iTerm2 Setup

Posted on Sat 30 January 2021 in Posts

I first was introduced to iTerm2 back around 2012, which was not coincidentally when I made the switch from a machine running Windows & Linux (dual-booting) to OSX. I didn't have a choice, the job I was working at at the time decided all devs would get shiny new Macbook Air's, and overnight I was thrust into the world of OSX. My MBA came with some software preinstalled by the ops team, and one of those pieces of software was iTerm2.

If you're an OSX user and you've never used iTerm2, you really should check it out. At this point it might've been superceded by other fancy terminal emulators, but it's still really, really good. Essentially iTerm2 is a replacement for the built in OSX Terminal app, and comes with a ton of extra features. In this post I'll outline some of the things I've done to customize iTerm2 on my dev box (this is a bit of a selfish post -- I recently changed jobs so had to go through setting it up from scratch again so this post is both "hey these are some of the neat things you can do with it" as well as "I'm documenting this so next time I don't have to figure it out from scratch"). 😄

Keyboard Navigation

So the default keystrokes in iTerm are weird. I like to be able to press ⌘+left arrow to go to the start of a line and ⌘+right arrow to go to the end of the line. Additionally I like be able to move left/right by word by pressing ⌥+left arrow/⌥+right arrow. To set these up in iTerm's preferences go to Profiles -> Keys, and do the following:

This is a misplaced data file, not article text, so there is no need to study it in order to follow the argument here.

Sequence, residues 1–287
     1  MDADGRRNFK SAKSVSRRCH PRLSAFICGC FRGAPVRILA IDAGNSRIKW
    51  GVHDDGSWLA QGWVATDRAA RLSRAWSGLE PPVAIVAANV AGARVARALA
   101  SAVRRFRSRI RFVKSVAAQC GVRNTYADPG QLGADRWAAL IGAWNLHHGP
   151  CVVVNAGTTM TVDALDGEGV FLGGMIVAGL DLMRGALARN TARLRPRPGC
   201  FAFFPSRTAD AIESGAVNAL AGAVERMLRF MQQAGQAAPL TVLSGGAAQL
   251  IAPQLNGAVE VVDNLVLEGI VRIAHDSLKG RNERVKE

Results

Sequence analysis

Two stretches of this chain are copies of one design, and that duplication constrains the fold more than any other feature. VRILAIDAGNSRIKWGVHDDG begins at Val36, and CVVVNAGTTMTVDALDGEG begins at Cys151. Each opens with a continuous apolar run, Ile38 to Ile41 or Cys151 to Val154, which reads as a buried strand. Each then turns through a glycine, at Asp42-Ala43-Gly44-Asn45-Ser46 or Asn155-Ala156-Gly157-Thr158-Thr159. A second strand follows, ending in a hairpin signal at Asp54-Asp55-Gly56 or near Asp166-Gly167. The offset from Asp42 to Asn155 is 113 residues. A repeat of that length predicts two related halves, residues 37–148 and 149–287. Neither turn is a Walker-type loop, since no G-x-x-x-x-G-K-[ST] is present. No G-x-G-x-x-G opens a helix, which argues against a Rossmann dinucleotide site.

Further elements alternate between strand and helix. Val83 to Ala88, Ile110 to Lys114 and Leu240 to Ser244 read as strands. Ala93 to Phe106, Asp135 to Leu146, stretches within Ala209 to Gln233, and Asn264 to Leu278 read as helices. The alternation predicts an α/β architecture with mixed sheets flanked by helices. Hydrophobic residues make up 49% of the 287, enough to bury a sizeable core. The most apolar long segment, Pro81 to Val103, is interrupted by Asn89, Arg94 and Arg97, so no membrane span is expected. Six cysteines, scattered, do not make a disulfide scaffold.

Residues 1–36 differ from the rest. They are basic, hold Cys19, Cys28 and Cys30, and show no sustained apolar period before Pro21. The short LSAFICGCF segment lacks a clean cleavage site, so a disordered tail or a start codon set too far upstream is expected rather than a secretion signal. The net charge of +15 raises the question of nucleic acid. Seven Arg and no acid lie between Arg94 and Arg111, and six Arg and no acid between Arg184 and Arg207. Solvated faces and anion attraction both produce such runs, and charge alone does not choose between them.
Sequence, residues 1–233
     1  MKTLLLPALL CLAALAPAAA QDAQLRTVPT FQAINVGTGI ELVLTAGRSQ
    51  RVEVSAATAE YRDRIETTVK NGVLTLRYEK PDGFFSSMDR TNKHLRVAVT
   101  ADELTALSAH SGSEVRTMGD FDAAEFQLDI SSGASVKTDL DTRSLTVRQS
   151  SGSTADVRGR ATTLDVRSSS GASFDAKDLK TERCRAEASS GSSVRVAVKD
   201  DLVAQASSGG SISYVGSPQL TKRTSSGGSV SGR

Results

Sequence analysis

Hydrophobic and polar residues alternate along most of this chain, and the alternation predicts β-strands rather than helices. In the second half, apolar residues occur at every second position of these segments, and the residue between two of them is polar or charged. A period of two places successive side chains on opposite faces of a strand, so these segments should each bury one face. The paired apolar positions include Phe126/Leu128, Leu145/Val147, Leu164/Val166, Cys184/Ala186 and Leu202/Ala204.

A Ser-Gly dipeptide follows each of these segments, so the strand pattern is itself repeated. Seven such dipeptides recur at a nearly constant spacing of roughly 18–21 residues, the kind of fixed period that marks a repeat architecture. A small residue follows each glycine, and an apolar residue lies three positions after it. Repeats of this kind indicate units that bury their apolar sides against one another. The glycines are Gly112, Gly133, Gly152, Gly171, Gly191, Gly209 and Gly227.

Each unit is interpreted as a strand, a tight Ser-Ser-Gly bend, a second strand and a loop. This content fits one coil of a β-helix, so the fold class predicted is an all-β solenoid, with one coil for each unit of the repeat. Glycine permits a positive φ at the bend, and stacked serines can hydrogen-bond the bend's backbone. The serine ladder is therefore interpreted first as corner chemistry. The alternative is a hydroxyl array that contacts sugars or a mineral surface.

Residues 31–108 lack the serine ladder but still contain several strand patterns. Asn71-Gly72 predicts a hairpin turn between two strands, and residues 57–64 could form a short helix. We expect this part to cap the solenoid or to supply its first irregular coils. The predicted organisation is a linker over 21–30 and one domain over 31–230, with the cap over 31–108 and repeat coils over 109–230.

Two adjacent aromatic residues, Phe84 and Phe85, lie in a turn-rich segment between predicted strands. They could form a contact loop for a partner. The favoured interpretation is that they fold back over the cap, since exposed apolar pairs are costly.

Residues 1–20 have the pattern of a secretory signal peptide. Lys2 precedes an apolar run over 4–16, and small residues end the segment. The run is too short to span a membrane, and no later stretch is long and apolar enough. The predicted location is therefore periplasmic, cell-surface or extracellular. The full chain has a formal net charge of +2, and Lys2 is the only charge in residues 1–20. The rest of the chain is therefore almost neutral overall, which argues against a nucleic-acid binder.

• change "Left Option (⌥) Key" to "Esc+"
  • In "Key Mappings" find the shortcut for ⌥ + ← and change the action to "Send Escape Sequence" with the value "b"
  • Do the same for ⌥ + → and use value "f"
  • Again in "Key Mappings" find the shortcut for ⌘ + ← and change it to "Send Hex Code" with value "0x01"
  • Do the same for ⌘ + → and use value "0x05"

Screenshots showing the settings:

Keyboard Option Key Settings

Keyboard Shortcut dialog for moving by word

Keyboard Shortcut dialog for moving to start/end of line

Shell Integration

iTerm also as a special shell integration thing that gives you a number of extra commands, and allows you do do some neat tricks. Full details on how to install & some of the neat things you can do with it are on the iTerm2 website: https://iterm2.com/documentation-shell-integration.html

Some of the things I use that require shell integration are outlined below.

Python Version Badge

Under Profile -> General, there's a "Badge" item. This allows you to display a piece of text at all times in the top right corner of the terminal window. It's handy for displaying things like what branch you're currently on or similar "contextual" items. For me because I do a lot of Python work and I'm constantly switching between various Python virtual environments I have my badge display the current Python version that's enabled. To set this up, I have the following in my .bashrc file:

function iterm2_print_user_vars() {
  iterm2_set_user_var gitBranch $((git branch 2> /dev/null) | grep \* | cut -c3-);
  iterm2_set_user_var pythonVersion $(python -c "import platform; print(platform.python_version())");
}

What these lines do is define two user variables that can be displayed in various spots in iTerm. My badge setting has the value \(user.pythonVersion) as you can see here:

Badge Setting

And then the version displays in the terminal (it's the 3.9.1 in the corner):

Python Version

As I switch to different Python interpreters this value updates.

Marks

With shell integration on, you also get marks which the docs define as: